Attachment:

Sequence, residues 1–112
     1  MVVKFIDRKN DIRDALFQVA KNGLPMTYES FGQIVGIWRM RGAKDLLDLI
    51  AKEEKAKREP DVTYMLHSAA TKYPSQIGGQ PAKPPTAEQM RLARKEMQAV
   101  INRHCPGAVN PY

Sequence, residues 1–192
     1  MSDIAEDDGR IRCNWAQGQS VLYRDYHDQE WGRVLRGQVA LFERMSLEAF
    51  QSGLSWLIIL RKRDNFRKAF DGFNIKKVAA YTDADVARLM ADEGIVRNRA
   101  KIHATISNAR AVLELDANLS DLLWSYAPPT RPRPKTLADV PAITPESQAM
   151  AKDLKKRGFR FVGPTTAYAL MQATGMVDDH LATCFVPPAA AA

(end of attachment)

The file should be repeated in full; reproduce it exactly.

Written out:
Sequence, residues 1–112
     1  MVVKFIDRKN DIRDALFQVA KNGLPMTYES FGQIVGIWRM RGAKDLLDLI
    51  AKEEKAKREP DVTYMLHSAA TKYPSQIGGQ PAKPPTAEQM RLARKEMQAV
   101  INRHCPGAVN PY

Sequence, residues 1–192
     1  MSDIAEDDGR IRCNWAQGQS VLYRDYHDQE WGRVLRGQVA LFERMSLEAF
    51  QSGLSWLIIL RKRDNFRKAF DGFNIKKVAA YTDADVARLM ADEGIVRNRA
   101  KIHATISNAR AVLELDANLS DLLWSYAPPT RPRPKTLADV PAITPESQAM
   151  AKDLKKRGFR FVGPTTAYAL MQATGMVDDH LATCFVPPAA AA